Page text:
The National Patient Safety Agency (NPSA) today published the latest set of Organisation Patient Safety Incident data.
Today’s figures show that patient safety remains a top priority for the NHS. The number of patient safety incidents in England that occurred between 1 October 2010 and 31 March 2011 and were submitted to the NPSA by 31 May 2011 was 565,153, an increase of 8.5 per cent compared to the previous reporting period (1 April 2010 to 30 September 2010.)
Scrupulous reporting and analysis of safety related incidents, particularly incidents resulting in no or low harm, provides an opportunity to reduce the risk of future incidents through learning. Nearly 100 per cent of trusts in England submitted incident reports to the National Reporting and Learning System for this set of data. 70 per cent of organisations reported monthly during this period, compared with 65 per cent last time.
The National Reporting and Learning System continues to capture, analyse and feedback patient safety incidents to the NHS, and the NHS Commissioning Board will maintain oversight of the system in the future. The data published today also shows that:
388,444 (69 per cent) of patient safety incidents resulted in no harm to the patient;
136,348 (24 per cent) resulted in low harm;
35,349 (six per cent) resulted in moderate harm;
5,012 (one per cent) resulted in death or severe harm.*
The most common types of incident were: patient accidents – slips, trips and falls (28 per cent); medication incidents (11 per cent); incidents relating to treatment and/or procedures (11per cent).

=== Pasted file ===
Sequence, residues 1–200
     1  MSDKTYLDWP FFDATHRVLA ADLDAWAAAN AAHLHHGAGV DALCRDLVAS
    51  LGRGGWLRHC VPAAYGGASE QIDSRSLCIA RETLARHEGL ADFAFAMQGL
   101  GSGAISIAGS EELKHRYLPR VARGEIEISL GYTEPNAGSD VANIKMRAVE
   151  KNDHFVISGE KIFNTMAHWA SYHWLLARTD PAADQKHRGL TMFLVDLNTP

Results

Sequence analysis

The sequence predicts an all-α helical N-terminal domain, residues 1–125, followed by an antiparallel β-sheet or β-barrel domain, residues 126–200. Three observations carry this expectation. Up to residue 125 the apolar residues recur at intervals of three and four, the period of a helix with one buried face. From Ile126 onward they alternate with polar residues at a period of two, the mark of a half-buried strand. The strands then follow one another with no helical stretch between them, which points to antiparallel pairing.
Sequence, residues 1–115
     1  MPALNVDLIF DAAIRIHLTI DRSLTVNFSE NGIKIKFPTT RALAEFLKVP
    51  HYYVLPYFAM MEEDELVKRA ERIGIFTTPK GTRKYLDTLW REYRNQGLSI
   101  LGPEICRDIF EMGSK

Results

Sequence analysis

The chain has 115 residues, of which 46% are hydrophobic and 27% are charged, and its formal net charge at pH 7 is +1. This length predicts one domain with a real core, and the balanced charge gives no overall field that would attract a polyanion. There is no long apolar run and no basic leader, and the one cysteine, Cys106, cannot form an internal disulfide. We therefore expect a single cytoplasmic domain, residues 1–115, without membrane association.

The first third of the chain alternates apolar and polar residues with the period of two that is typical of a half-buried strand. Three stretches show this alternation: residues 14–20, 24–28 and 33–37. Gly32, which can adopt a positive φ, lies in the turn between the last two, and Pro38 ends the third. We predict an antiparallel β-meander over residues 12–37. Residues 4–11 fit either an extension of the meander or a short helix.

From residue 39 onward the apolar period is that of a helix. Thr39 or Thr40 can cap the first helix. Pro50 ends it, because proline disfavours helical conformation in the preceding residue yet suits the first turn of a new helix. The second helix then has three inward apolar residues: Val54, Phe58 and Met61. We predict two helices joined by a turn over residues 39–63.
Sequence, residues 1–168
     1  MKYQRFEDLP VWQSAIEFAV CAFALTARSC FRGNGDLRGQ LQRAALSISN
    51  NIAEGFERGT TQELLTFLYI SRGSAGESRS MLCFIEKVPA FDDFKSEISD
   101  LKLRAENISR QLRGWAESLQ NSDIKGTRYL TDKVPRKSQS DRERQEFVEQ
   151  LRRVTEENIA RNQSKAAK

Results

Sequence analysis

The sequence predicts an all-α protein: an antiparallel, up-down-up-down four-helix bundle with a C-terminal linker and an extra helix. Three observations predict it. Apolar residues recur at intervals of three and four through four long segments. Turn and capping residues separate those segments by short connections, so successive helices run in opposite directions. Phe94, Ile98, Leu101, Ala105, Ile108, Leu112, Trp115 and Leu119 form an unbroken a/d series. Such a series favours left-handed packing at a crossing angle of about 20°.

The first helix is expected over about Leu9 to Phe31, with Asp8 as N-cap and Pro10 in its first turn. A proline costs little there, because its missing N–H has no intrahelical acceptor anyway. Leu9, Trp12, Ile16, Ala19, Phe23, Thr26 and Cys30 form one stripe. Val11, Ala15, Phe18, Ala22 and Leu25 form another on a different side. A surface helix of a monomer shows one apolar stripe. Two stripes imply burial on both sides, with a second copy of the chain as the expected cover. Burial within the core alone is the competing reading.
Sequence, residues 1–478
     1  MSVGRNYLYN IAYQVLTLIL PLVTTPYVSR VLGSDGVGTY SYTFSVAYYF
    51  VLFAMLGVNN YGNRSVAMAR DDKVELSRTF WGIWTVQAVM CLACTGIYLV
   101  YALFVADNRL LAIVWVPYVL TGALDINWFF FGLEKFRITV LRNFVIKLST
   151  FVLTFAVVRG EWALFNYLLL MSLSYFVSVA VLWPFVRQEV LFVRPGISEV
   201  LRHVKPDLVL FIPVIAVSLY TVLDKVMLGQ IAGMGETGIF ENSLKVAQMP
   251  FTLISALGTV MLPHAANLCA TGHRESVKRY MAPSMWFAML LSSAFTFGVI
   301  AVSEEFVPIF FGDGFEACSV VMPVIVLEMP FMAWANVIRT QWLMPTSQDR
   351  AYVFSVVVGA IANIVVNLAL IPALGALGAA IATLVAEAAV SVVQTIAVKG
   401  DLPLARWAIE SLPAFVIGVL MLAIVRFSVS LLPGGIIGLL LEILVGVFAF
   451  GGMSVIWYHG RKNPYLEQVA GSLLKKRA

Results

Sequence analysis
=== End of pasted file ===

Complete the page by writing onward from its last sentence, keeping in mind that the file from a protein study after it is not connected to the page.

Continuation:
Commenting on the data, Sarndrah Horsfall, Chief Executive of the National Patient Safety Agency, said.
“Identifying patient safety incidents and ensuring they are reported and analysed is at the heart of reducing risk in healthcare.
“NHS organisations should use the data and review the tools, guidance and support available to them. This will ensure patient safety incidents continue to be reported and learned from, strengthening the patient safety culture across all levels of the NHS.”
For a full breakdown of figures see: www.nrls.npsa.nhs.uk/organisationdata
*Definitions of levels of harm:
Impact prevented – any patient safety incident that had the potential to cause harm but was prevented, resulting in no harm to people receiving NHS-funded care.
Impact not prevented – any patient safety incident that ran to completion but no harm occurred to people receiving NHS-funded care.
Low: Any patient safety incident that required extra observation or minor treatment and caused minimal harm, to one or more persons receiving NHS-funded care.
Moderate: Any patient safety incident that resulted in a moderate increase in treatment and which caused significant but not permanent harm, to one or more persons receiving NHS-funded care.
Severe: Any patient safety incident that appears to have resulted in permanent harm to one or more persons receiving NHS-funded care.
Death: Any patient safety incident that directly resulted in the death of one or more persons receiving NHS-funded care.
Notes to editors
1. Media enquiries to Matthew Grek in the NPSA Press Office:
0207 927 9362 / email@example.com
2. Following the publication of the Arms Length Body Review on 26 July 2010, the NPSA has stressed the importance for all NHS organisations across England and Wales to continue reporting patient safety incidents through the National Reporting and Learning System.
3. The national function for patient safety will continue within the NHS Commissioning Board and tools, guidance and support will be available to lead improvements in patient safety. A key role of the NHS Commissioning Board will be oversight of the National Reporting and Learning System which will continue to capture, analyse and feedback patient safety incidents to the NHS.